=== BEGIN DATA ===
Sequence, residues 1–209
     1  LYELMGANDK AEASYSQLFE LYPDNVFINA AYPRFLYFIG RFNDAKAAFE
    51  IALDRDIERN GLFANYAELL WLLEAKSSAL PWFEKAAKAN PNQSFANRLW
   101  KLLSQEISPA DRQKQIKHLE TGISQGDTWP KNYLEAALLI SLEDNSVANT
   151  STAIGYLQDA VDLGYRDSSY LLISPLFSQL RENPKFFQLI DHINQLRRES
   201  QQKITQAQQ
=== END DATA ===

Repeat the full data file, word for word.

Sequence, residues 1–209
     1  LYELMGANDK AEASYSQLFE LYPDNVFINA AYPRFLYFIG RFNDAKAAFE
    51  IALDRDIERN GLFANYAELL WLLEAKSSAL PWFEKAAKAN PNQSFANRLW
   101  KLLSQEISPA DRQKQIKHLE TGISQGDTWP KNYLEAALLI SLEDNSVANT
   151  STAIGYLQDA VDLGYRDSSY LLISPLFSQL RENPKFFQLI DHINQLRRES
   201  QQKITQAQQ